Doug Henning is done with mirrors

His great illusions, however, defy figuring out

JO DURDEN-SMITH December 1 1974

Doug Henning is done with mirrors

His great illusions, however, defy figuring out

JO DURDEN-SMITH December 1 1974

Doug Henning is done with mirrors

His great illusions, however, defy figuring out

JO DURDEN-SMITH

Black women with sculpted hair playing Ashanti princesses playing Hollywood starlets, white women masquerading as Arabian houris, stacked glitter queens, street studs loud with satin: sartorial and sexual confusion! What’s going on here?

Pushing through the streets toward the Broadway theatre where The Magic Show is playing nightly to capacity audiences, pushing through the foyer past big fantasies out-pretending smaller ones, you begin to realize that there is a special justice in the fact that the latest star in mid-Seventies New York City is a 27-year-old Canadian magician called Doug Henning. This Fancy Dress Party disguised to itself as Fun City has claimed Doug Henning and made him its best metaphor. His profession, after all, is magic, the manipulation of appearances. And this, above all other cities, is the city of appearance. Appearances have become so routine here that it never occurs to anyone anymore to wonder whether they’re the real thing or not. Fictions make the facts in New York City. What you see is what you get.

And that’s why the newsmagazines and Barbara Walters and Dick Cavett all within a week of each other decided that the revival of magic was the single most interesting current entertainment phenomenon. That’s why the longhaired jauntily top-hatted figure who dominates the posters outside the Cort Theatre is now one of the biggest draws on Broadway. Doug Henning, raising his eyebrows and smiling his enigmatic smile. His message is this: first of all, in the age of the pure scientist and the corporate man, reality is indeed a wearisome category; but, second of all, however many performances you give to escape from that reality, they are, if unaccompanied by a sense of wonder, merely bits of foolishness, tricks.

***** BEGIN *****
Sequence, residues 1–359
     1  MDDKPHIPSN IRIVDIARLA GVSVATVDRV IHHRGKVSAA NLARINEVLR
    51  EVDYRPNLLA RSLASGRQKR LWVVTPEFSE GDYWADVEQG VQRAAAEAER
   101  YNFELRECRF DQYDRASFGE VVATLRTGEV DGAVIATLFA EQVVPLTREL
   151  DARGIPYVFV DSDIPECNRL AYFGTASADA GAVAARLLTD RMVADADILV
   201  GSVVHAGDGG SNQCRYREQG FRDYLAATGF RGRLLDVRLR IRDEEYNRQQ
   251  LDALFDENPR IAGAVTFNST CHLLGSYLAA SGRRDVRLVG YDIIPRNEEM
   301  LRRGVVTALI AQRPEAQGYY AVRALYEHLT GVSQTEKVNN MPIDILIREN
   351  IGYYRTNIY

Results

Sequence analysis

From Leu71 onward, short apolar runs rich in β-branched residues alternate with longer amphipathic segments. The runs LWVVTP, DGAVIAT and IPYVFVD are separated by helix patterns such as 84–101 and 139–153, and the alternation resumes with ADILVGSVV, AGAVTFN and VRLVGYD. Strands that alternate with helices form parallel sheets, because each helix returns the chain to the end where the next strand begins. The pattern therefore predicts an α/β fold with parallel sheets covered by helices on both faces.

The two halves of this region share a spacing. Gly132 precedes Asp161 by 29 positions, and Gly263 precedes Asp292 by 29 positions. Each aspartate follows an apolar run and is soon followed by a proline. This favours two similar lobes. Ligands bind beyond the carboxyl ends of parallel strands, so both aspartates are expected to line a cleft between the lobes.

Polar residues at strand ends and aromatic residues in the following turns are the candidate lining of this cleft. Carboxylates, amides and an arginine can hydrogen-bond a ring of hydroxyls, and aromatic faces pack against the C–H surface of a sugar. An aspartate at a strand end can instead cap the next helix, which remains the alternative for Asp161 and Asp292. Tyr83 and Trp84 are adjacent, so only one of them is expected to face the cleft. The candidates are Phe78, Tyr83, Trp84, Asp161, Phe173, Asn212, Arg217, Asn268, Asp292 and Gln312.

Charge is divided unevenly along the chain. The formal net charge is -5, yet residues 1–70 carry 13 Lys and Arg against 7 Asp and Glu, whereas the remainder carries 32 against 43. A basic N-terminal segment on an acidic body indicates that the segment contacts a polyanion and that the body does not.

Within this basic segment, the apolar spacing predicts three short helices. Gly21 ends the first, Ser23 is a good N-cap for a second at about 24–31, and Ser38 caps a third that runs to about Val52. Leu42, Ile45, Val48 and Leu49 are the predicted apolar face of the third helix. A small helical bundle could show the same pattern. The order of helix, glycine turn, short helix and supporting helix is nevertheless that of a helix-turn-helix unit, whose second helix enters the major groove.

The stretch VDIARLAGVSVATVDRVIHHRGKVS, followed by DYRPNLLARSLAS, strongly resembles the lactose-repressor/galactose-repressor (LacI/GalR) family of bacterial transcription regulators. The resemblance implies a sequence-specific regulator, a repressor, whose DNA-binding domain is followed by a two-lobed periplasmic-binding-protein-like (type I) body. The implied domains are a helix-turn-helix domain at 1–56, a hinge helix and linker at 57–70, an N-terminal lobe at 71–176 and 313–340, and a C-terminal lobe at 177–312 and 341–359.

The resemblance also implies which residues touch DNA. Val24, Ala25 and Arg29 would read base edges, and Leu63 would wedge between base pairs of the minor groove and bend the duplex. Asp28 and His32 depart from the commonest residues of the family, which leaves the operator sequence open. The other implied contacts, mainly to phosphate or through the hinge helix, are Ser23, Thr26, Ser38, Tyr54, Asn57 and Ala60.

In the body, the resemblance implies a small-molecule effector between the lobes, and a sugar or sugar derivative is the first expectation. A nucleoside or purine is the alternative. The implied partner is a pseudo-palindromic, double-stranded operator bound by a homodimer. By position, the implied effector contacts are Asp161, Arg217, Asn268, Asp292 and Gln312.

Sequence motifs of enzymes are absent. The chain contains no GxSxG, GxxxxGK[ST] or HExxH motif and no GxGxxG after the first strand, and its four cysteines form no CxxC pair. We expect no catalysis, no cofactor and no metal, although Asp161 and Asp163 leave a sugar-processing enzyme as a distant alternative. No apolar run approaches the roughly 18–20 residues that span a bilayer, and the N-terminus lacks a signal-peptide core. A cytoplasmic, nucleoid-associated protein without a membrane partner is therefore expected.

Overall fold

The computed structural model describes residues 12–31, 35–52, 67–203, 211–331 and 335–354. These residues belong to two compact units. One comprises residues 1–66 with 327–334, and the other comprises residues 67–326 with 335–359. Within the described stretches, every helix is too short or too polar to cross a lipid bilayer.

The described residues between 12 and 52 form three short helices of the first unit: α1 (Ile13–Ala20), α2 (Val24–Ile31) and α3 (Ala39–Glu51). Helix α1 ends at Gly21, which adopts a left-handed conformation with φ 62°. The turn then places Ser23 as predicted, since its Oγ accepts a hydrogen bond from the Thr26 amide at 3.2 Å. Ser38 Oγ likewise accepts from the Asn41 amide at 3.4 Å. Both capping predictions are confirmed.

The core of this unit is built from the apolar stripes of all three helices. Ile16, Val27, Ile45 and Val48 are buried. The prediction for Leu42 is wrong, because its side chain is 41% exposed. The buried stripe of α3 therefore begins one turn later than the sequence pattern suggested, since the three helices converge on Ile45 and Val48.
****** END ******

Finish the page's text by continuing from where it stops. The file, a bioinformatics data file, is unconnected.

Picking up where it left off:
“Could you come up on stage, please?” Doug Henning in his blue jeans and long, curly hair looks like the D’Artagnan of a high-school production of The Three Musketeers who’s strayed

out onto the stage already wigged, but not yet in costume. “Yes, you. Can you come up on stage, please?” He leans out over the footlights, pointing, and suddenly a little girl in the front row, realizing that he’s talking to her. jumps from her seat and rushes for the stage in a flounce of pigtails and organdie. The music gathers pace behind them. The little girl walks upstage with Henning, hand in his hand, quite unafraid and quite delighted, as if she’s been waiting for this moment all evening. “Now can you kick the box. and make sure it’s quite real. No holes in it or anything.” Bang. A little patent leather shoe crashes into the side of the box, with a sound that is picked up by amplifiers all round the theatre. The audience laughs, and the music picks up another few seconds in its race for the deadline of the illusion. Bang. The little girl is laughing now, having fun. She kicks the box each time another face of it is presented to her as if she meant to kick it back to her seat. Bang. Bang. “Okay. Okay. So it’s quite real, quite solid, yes?